Polyurethane is exposed to a natural aging process called hydrolysis.
Hydrolysis in general is the decomposition of a chemical compound by reaction with water, by hydrolysis the molecules are broken down into their monomers. Hydrolysis is the chemical decomposition of the polyurethane polymer and the resulting material damage. In the final stage of hydrolysis, the polyurethane products lose their physical properties; the material partially cracks, appears oily and crumbles.
The coated lifting slings and other polyurethane products are often stored in closed storage rooms before use. These are usually places where there is greater humidity combined with higher temperatures, and there is no continuous exchange of air. And it is this “standing” humidity that increases the hydrolysis process and makes these products age more rapidly, even if they are not used. This decomposition process is of course significantly faster in tropical and subtropical regions of the world, where it is usually warm and the regular humidity is high.
It is not possible to make any overall statements on the resistance to hydrolysis and aging. Weathering tests under real conditions would take far too long and would not be generally valid. The elastomers being tested therefore in a “Weather” tester to a very high light load, combined with high humidity and higher temperature. The test samples will then be tested in a tensile test after a defined period of time. The results allow a general prognosis of the hydrolysis and ageing resistance.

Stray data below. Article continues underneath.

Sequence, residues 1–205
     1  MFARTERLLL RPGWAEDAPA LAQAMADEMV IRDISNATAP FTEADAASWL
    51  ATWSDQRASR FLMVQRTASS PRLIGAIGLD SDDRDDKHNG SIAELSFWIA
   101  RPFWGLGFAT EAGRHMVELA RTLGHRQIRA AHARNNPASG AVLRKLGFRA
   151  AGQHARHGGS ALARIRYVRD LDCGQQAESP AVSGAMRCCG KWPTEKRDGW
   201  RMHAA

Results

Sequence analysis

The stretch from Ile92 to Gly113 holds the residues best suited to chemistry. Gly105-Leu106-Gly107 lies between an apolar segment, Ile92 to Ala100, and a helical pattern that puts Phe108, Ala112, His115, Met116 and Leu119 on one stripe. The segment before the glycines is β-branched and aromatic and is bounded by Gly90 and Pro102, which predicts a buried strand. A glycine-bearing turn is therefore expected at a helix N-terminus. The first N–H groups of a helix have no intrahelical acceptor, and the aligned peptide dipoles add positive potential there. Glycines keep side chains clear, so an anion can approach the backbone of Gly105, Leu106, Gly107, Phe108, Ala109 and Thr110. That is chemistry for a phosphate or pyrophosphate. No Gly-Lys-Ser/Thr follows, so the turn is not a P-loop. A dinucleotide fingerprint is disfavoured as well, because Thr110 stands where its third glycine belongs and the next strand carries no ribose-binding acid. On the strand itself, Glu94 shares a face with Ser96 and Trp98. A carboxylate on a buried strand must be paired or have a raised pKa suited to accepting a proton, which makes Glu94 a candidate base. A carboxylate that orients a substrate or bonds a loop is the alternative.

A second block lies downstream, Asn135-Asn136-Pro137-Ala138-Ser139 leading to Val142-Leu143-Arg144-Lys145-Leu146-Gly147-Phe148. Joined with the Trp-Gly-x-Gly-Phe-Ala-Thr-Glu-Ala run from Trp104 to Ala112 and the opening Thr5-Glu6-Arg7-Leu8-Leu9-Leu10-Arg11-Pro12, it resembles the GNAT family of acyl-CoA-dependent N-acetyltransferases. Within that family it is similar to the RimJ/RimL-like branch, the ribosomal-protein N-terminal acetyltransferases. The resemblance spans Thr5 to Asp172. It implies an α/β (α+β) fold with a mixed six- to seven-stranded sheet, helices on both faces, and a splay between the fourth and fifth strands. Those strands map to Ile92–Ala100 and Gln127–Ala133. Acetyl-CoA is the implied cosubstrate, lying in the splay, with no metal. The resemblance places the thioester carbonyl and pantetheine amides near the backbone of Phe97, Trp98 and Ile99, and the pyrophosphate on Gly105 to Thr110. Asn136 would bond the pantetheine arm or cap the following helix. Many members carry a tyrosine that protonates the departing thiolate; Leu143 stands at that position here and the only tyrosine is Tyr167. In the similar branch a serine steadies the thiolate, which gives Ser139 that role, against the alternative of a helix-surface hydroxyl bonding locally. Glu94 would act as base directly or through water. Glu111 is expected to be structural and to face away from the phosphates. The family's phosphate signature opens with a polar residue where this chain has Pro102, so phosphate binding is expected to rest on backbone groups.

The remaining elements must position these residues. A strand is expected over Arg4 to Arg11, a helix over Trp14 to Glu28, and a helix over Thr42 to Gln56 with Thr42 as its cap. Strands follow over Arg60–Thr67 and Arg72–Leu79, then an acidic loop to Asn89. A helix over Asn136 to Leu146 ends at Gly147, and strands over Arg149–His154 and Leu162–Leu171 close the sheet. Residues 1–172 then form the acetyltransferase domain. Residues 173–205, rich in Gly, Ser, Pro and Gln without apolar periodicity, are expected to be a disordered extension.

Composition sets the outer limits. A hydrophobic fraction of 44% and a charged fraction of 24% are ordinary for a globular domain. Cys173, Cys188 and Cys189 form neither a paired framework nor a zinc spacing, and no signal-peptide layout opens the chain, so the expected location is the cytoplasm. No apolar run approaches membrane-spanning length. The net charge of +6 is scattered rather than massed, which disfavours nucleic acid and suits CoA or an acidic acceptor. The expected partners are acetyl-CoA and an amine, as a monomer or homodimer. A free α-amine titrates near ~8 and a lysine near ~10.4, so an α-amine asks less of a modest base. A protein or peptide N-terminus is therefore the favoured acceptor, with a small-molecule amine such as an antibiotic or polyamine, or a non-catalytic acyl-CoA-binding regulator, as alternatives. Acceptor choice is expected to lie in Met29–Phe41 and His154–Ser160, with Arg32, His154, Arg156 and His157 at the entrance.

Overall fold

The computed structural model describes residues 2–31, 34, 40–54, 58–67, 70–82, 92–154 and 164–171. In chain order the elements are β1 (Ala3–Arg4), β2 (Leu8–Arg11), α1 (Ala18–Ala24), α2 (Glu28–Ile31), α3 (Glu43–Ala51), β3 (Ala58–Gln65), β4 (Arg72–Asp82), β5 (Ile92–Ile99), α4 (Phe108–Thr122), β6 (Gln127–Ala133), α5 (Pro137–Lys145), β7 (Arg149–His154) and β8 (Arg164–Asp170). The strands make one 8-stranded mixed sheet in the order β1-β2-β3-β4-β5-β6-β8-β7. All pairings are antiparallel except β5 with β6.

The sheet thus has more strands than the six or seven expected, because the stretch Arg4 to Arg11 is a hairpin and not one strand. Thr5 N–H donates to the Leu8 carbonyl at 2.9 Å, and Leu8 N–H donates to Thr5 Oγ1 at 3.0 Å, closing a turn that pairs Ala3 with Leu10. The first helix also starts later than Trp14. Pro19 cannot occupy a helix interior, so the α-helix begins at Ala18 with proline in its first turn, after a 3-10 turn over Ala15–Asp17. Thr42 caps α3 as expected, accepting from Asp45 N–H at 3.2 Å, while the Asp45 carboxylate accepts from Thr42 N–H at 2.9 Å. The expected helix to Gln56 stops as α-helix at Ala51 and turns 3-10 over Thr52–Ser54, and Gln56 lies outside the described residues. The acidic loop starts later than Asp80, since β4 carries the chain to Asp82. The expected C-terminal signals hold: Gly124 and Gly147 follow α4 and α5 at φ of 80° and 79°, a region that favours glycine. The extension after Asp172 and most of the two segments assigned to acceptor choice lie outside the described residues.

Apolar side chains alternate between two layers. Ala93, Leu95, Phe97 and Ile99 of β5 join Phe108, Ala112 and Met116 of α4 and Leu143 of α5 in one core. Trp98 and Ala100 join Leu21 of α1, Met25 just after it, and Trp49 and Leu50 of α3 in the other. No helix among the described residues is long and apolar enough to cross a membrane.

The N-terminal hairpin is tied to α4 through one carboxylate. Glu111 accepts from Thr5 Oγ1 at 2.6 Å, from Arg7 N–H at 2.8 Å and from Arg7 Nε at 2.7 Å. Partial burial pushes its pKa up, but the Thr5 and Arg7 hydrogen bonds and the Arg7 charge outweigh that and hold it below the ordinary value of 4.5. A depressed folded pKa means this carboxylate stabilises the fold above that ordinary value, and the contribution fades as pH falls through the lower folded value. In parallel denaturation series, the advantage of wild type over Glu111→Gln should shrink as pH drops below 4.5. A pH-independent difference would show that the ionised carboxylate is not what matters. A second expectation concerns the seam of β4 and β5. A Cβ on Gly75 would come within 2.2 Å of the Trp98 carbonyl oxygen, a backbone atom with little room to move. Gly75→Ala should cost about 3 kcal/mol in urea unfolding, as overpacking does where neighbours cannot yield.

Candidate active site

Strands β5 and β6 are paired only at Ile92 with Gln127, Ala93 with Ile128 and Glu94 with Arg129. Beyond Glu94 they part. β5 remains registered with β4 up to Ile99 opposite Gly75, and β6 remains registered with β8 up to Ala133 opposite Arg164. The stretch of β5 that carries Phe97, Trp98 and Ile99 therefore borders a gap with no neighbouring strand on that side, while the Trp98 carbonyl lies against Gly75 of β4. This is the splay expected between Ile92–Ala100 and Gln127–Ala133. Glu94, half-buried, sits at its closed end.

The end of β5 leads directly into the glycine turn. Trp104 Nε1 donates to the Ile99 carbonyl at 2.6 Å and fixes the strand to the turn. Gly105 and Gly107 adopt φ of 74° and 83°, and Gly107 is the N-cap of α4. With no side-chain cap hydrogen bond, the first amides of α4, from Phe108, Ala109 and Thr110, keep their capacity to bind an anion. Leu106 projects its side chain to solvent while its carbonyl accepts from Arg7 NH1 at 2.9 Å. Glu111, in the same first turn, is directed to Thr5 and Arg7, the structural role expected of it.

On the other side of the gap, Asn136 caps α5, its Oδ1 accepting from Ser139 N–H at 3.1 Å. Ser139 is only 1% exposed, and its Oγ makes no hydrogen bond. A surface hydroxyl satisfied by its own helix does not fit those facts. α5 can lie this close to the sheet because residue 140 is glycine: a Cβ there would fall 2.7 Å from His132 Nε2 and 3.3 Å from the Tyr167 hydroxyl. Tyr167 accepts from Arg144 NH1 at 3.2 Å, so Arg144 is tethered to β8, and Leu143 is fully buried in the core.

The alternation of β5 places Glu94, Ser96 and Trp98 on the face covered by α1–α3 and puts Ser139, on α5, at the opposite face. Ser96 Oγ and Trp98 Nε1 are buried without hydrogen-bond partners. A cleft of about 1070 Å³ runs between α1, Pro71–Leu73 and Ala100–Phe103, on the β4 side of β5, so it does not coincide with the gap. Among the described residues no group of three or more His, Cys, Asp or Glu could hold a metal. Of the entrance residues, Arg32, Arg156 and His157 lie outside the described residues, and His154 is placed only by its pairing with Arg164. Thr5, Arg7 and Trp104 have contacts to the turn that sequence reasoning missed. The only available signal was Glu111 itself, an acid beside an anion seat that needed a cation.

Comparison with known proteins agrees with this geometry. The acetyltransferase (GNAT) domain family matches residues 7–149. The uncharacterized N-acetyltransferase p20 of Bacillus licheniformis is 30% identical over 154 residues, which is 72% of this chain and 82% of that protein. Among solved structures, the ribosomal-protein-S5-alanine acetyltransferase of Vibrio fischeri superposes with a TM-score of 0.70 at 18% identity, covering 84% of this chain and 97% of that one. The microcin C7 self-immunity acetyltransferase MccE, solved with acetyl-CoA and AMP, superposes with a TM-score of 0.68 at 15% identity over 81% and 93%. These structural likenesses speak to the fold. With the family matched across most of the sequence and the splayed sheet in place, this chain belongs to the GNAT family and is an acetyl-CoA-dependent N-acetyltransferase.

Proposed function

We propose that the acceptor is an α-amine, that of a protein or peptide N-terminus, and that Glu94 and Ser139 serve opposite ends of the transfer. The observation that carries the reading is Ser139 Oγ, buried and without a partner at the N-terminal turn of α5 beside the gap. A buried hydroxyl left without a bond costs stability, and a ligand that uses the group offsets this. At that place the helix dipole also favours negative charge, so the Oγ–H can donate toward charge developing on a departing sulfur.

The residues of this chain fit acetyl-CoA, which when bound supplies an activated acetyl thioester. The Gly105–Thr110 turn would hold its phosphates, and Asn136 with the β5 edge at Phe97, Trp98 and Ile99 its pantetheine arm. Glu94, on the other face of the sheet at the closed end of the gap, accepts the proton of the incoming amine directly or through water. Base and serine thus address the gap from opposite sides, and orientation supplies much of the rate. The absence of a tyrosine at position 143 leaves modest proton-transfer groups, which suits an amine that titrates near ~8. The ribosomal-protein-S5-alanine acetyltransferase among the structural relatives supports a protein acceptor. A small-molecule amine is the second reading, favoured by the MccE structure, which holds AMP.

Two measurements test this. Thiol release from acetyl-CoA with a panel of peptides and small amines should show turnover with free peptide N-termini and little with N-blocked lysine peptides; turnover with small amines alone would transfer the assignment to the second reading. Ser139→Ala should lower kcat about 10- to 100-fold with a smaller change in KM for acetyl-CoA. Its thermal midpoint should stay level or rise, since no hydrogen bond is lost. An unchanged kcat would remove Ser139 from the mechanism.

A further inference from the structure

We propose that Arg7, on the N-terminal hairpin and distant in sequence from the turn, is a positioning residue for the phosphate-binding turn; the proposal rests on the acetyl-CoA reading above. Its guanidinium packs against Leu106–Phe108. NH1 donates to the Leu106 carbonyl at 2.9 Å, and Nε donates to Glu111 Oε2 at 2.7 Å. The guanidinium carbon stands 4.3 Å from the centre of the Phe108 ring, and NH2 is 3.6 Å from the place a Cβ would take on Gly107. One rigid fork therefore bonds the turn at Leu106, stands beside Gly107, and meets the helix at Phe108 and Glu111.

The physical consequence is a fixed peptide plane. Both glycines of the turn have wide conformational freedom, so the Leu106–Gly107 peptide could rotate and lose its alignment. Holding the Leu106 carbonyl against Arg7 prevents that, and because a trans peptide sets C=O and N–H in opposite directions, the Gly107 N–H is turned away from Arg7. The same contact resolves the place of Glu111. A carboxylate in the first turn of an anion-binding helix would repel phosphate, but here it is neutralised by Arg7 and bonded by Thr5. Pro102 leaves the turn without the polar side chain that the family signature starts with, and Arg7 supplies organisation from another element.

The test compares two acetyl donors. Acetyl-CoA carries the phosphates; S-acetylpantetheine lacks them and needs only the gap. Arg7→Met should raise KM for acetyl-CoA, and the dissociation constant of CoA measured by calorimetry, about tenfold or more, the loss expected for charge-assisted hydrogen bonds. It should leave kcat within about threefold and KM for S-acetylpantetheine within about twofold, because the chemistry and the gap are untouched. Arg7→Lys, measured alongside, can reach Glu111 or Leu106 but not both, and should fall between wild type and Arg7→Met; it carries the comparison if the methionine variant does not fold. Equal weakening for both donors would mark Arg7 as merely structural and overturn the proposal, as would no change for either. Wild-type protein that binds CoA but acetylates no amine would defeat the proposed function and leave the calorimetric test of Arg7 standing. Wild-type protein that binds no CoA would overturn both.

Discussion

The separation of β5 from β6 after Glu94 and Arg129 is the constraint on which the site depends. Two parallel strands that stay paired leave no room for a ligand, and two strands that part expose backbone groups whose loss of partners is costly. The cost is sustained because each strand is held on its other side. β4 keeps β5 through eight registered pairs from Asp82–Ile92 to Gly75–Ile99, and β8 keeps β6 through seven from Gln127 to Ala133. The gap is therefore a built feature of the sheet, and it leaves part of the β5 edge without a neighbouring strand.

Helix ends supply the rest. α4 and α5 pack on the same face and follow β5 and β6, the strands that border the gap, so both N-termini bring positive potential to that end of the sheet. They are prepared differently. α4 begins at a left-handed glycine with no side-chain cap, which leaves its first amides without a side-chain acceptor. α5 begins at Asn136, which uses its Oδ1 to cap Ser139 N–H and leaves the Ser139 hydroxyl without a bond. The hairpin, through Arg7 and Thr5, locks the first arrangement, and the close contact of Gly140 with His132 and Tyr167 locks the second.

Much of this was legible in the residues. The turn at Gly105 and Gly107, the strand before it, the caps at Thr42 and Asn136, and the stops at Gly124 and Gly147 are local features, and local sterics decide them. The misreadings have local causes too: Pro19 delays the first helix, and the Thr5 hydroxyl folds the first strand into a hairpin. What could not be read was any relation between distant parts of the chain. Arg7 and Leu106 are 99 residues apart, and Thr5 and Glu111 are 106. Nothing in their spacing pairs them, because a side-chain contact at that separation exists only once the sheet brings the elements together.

Secutex offers three different elastomers for coating:
The two-component system is the result of the reaction between isocyanate and polyol. Polyether-based polyurethanes are relatively resistant to hydrolysis, but their resistance to oils is rather poor. By adding hydrolysis stabilizers and UV blockers, the aging process can be delayed but not completely stopped.
The two-component system is the result of the reaction between isocyanate and polyol. Polyester-based polyurethanes are not well resistant to hydrolysis, a polyether-based polyurethane is to be preferred. The resistance to oils, on the other hand, is quite good. By adding hydrolysis stabilizers and UV blockers, the aging process can be delayed but not completely stopped.
The two-component spray system is the result of the reaction between isocyanate compounds and aliphatic amines (and not between isocyanate and polyol as is the case with polyurethane). The components react very quickly to polyurea and have a good to very good chemical resistance as well as high elasticity and tear resistance. Polyurea has a high resistance to hydrolysis and aging and is therefore very good for outdoor use.